Gone are the days when the church alone could set the anniversary agenda for society. In addition to the state and media, we have the heritage, travel and sports industries promoting their own brand of anniversaries, each worshiping their own images and achievements. All these institutions will gear up for the bimillennial.

Rather than negate the civil tradition of the Great Calendar, we must find a way to celebrate the bimillennial of Christ and at the same time affirm the role that anniversaries have in reinforcing national identity, civil religion and the humanist tradition.


So far this paper has contrasted the postmodern and Pentecostal perspective of 2000, and highlighted the potential conflict between the secular and sacred traditions of the bimillennial.

In light of these contrasting and possible conflicting perspectives, and in view of the fact today’s cultural conflicts are becoming more polarized, the question of the hour might well be: “Is there any way for both parties to develop consensus: a common vision of the bimillennial for the common good?”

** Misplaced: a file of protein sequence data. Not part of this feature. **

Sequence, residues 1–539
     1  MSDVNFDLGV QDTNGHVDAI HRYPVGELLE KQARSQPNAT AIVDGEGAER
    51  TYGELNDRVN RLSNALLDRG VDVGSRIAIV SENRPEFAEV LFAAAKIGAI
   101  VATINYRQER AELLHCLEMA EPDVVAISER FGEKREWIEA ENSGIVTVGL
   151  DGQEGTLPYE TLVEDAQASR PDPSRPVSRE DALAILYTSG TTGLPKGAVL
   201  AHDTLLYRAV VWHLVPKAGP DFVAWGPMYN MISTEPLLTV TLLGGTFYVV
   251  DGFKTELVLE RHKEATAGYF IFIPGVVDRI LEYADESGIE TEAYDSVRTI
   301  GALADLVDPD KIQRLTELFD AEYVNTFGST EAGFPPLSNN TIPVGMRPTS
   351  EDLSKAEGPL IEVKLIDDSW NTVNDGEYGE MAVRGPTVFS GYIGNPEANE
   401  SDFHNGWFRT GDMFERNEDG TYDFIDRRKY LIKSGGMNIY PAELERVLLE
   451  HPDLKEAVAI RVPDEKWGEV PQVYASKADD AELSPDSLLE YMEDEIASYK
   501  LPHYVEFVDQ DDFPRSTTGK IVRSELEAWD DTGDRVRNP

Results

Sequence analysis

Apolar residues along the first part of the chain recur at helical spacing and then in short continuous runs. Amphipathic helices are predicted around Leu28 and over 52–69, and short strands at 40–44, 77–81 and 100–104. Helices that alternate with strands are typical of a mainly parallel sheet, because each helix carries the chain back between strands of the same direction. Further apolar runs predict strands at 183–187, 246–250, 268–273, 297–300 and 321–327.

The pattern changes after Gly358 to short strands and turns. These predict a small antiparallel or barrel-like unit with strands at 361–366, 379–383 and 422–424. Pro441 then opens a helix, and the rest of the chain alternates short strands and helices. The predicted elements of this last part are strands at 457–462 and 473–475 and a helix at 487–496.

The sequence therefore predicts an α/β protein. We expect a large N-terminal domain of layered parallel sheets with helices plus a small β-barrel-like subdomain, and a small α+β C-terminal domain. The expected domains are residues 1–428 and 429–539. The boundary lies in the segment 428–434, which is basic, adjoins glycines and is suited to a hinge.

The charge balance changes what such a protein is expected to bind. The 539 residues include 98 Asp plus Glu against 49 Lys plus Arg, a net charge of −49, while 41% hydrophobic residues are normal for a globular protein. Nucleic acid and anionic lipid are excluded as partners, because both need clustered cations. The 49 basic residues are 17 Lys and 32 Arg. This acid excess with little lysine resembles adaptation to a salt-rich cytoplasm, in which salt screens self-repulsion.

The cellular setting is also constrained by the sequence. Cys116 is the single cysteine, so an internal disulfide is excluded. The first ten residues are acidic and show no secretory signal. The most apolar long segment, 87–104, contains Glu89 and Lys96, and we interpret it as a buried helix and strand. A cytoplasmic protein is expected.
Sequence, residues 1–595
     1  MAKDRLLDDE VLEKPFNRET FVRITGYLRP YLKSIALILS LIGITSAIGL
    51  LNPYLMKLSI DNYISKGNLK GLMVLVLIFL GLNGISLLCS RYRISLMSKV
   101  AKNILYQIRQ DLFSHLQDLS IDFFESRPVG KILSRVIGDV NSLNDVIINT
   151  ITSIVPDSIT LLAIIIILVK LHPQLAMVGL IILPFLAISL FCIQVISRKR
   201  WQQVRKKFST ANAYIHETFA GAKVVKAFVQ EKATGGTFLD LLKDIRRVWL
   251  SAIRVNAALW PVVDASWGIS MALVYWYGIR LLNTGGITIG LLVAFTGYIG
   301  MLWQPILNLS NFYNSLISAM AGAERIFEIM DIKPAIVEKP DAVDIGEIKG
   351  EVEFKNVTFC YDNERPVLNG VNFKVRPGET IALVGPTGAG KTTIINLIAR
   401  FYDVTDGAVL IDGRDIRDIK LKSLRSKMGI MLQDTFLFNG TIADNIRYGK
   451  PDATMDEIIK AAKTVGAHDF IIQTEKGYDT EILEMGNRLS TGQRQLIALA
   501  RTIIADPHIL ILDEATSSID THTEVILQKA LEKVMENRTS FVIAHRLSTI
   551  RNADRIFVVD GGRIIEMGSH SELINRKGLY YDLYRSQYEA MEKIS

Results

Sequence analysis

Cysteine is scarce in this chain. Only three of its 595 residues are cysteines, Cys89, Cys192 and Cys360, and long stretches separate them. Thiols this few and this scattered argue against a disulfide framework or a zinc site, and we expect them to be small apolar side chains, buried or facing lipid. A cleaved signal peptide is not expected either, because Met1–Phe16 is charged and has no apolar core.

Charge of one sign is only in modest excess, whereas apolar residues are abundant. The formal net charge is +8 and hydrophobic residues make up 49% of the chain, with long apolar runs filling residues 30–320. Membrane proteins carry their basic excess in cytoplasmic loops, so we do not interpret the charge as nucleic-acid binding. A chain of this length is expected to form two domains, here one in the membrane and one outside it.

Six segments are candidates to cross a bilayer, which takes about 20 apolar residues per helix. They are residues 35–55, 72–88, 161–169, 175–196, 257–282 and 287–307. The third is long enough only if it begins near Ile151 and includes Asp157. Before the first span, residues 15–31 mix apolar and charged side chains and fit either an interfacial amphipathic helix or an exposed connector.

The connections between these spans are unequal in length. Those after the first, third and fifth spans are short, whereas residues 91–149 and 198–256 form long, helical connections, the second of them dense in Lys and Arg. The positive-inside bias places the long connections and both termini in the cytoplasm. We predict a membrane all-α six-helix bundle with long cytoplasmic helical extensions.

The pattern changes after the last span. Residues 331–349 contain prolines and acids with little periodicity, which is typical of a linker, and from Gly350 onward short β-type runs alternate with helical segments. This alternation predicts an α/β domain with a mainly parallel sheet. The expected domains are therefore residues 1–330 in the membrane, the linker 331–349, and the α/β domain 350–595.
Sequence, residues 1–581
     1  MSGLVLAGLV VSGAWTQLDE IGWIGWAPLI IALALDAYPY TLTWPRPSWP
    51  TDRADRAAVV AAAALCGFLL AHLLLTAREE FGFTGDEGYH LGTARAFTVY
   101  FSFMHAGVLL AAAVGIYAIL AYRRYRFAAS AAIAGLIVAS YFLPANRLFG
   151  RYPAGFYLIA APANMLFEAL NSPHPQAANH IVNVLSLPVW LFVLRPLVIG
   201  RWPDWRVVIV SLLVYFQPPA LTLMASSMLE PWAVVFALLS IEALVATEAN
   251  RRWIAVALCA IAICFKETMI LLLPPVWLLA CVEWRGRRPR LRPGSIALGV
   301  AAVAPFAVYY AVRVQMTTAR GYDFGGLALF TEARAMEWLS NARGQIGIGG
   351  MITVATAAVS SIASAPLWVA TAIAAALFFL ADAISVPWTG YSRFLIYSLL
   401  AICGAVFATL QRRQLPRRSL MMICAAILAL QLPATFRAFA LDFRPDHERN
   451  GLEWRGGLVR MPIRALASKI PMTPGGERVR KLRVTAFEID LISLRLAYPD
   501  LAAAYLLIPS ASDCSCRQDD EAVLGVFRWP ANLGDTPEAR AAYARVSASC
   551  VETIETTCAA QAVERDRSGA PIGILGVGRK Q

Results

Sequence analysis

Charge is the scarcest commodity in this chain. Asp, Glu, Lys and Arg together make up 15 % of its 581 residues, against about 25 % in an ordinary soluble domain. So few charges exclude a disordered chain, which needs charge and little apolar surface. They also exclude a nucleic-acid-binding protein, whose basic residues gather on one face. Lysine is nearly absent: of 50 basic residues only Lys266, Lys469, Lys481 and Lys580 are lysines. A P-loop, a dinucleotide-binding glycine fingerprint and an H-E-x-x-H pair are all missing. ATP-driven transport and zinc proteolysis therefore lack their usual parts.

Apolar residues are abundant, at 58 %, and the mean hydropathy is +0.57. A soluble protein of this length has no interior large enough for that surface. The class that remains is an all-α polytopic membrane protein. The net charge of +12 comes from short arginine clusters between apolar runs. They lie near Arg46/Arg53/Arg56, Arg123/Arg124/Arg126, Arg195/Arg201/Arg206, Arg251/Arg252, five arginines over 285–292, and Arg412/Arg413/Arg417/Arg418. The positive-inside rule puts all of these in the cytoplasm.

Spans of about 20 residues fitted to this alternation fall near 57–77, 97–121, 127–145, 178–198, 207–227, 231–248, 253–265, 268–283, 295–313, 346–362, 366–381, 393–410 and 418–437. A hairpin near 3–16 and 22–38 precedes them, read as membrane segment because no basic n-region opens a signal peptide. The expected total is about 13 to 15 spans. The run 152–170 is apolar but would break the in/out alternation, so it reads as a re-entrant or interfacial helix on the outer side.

Pentecostals need to ask themselves, “Are we ready to engage postmoderns on the dance floor of mainstream culture, and allow the bimillennial of Jesus not just to reinforce group identity, but to call forth renewal within society?”

Postmoderns come to the dance with their own limitations. They will need to ask themselves, “Can we rise above our modus operandi of just multiplying diverse opinions to seek a genuine rather than pseudo consensus on the bimillennial?”

In addressing these core issues, I feel that Os Guinness in The American Hour: A time of reckoning and the once and future role of faith (Free Press, 1993) has set the right tone to take us all beyond the bitterness of the present culture wars. But there are no guarantees.

The common ground between the Reformation and Enlightenment has practically disappeared in today’s culture. Like scaling Mt. Everest, the task of forging a consensus between these two traditions on the bimillennial could prove elusive. If that becomes the case, Pentecostals must settle for the consolation prize of at least maintaining the focus and coherence of Christ s 2,000th anniversary.

To Climb the Mountaintop
In charting the course of the bimillennial era before us, I find it helpful to compare it to scaling a mountain peak. Mountain climbers have learned the wisdom of scaling high peaks in stages. First they establish base camp. Then they successively reach higher levels. Finally they make the climb toward the pinnacle. In a similar way, I sense our climb up Christ s bimillennial mountain will unfold in three phases.